NAEVR: Military Eye Injuries and Blindness Have Cost the US
in the 2000-2010 Timeframe
May 10, 2012
On Monday, May 7, NAEVR released top-line results of its study entitled Costs of Military Eye Injury, Vision Impairment, and Related Blindness and Vision Dysfunction Associated with Traumatic Brain (TBI) without Eye Injury. Study consultant Kevin Frick, Ph.D. (Johns Hopkins Bloomberg School of Public Health), who discussed the results at a NAEVR-sponsored defense vision session at the 2012 ARVO Annual Meeting, noted that the study uses only published data from 2000-2010 and widely accepted economic conventions to characterize the incidence numbers and concomitant costs associated with eye injuries, which range from superficial to bilateral blindness, as well as visual dysfunction associated with Traumatic Brain Injury (TBI).
Based on the published data from 2000-2010, the total incident cost of eye injury each year has been $2.282 billion, yielding a total cost to the economy over this timeframe of $25.107 billion, which reflects:
In announcing the results, Dr. Frick reiterated that this was the first-ever estimate of these costs. As a result, he used only published data so that costs would not be overstated. He acknowledged limitations to the study, especially related to the growing knowledge about the diagnosis and treatment of visual dysfunction from TBI. “As we learn more in that regard, the estimated costs would likely be greater,” he stated.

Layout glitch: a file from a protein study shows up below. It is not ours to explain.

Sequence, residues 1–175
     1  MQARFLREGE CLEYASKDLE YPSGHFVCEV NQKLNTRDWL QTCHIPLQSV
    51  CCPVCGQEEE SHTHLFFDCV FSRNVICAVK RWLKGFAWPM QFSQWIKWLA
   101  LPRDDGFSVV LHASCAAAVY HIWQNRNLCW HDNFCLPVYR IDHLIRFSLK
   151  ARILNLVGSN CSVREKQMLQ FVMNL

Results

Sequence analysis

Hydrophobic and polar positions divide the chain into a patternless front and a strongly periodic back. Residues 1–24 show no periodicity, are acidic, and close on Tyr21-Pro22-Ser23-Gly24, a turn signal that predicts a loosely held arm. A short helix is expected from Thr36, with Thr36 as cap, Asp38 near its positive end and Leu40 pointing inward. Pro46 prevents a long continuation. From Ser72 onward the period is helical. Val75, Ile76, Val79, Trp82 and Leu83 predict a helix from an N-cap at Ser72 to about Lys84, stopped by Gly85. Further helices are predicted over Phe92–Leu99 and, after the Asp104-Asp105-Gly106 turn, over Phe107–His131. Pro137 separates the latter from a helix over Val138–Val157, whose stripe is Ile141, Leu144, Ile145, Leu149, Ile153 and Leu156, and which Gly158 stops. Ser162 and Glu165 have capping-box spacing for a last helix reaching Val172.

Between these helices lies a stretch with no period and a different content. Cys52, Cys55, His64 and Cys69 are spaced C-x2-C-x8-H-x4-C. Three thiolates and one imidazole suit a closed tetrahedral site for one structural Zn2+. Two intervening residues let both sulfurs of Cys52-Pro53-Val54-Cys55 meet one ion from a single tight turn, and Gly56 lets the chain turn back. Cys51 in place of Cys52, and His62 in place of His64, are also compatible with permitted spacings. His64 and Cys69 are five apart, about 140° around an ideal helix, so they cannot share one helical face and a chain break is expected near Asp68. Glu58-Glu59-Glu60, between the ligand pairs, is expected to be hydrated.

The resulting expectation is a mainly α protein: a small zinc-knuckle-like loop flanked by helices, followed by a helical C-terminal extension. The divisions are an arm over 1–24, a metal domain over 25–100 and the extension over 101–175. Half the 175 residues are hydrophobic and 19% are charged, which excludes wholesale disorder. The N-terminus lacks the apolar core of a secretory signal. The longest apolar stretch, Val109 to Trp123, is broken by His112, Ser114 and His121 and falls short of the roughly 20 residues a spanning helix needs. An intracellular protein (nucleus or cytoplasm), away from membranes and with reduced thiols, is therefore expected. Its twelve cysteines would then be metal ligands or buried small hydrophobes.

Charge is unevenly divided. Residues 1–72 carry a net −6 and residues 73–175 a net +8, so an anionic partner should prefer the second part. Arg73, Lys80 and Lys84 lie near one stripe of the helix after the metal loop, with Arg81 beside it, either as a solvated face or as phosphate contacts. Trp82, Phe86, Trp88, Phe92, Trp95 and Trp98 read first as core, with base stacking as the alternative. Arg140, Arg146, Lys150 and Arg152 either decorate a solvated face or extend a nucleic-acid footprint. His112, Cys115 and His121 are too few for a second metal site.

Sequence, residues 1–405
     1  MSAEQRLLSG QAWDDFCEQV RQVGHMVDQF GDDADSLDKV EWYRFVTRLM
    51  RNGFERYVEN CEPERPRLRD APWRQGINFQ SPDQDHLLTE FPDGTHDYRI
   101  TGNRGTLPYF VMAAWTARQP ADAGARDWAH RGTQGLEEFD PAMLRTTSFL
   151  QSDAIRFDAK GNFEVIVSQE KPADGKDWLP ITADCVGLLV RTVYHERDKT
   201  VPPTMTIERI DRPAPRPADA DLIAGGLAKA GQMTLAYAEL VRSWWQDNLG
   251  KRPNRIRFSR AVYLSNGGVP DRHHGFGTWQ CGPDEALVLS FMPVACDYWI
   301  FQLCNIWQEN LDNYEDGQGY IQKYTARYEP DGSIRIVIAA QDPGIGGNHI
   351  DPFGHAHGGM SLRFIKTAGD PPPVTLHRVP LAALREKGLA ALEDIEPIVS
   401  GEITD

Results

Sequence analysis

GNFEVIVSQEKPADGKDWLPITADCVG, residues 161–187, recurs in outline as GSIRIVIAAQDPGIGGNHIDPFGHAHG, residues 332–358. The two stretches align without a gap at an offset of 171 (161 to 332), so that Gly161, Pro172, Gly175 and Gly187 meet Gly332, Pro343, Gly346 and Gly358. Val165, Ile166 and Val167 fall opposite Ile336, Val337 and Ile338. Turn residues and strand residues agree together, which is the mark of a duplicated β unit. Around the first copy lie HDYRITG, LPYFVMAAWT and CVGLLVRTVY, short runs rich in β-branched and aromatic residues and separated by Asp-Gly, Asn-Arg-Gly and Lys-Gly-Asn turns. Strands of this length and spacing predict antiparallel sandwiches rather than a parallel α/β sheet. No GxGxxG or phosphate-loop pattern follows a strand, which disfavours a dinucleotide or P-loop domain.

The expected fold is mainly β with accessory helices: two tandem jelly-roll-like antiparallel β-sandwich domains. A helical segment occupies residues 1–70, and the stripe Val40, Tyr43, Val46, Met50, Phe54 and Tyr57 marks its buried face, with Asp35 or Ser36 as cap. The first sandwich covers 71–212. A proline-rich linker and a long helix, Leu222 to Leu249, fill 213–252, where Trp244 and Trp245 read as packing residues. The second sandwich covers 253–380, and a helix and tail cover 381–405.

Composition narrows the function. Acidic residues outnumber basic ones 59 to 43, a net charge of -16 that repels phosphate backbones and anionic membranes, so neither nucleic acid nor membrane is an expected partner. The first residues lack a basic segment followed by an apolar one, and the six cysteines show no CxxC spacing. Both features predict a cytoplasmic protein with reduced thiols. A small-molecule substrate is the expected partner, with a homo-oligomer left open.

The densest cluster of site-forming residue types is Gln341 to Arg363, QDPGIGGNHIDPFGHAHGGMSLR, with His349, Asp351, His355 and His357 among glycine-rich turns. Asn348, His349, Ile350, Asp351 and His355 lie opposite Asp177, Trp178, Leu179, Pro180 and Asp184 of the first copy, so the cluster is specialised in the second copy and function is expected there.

- $634 million in first-year costs, which have already been spent
- $188 million present value of Department of Veterans Affairs (VA) benefits
- $24.286 billion in present value costs to the economy and society (Social Security benefits, lost wages, family care)
NAEVR has subsequently released the study on Capitol Hill, where it has been urging Congress to support the Peer Reviewed Vision Trauma Research Program (VTRP) in the Defense appropriations bill at $10 million because it is the only dedicated funding for extramural research into vision gaps identified by the Department of Defense (DOD). “NAEVR’s study reveals that an annual expenditure of at least $10 million for the VTRP is a fraction of the annual $2.3 billion costs for eye-injured and blinded soldiers,” said NAEVR Executive Director James Jorkasky in the Alliance’s transmittal letter to Congress.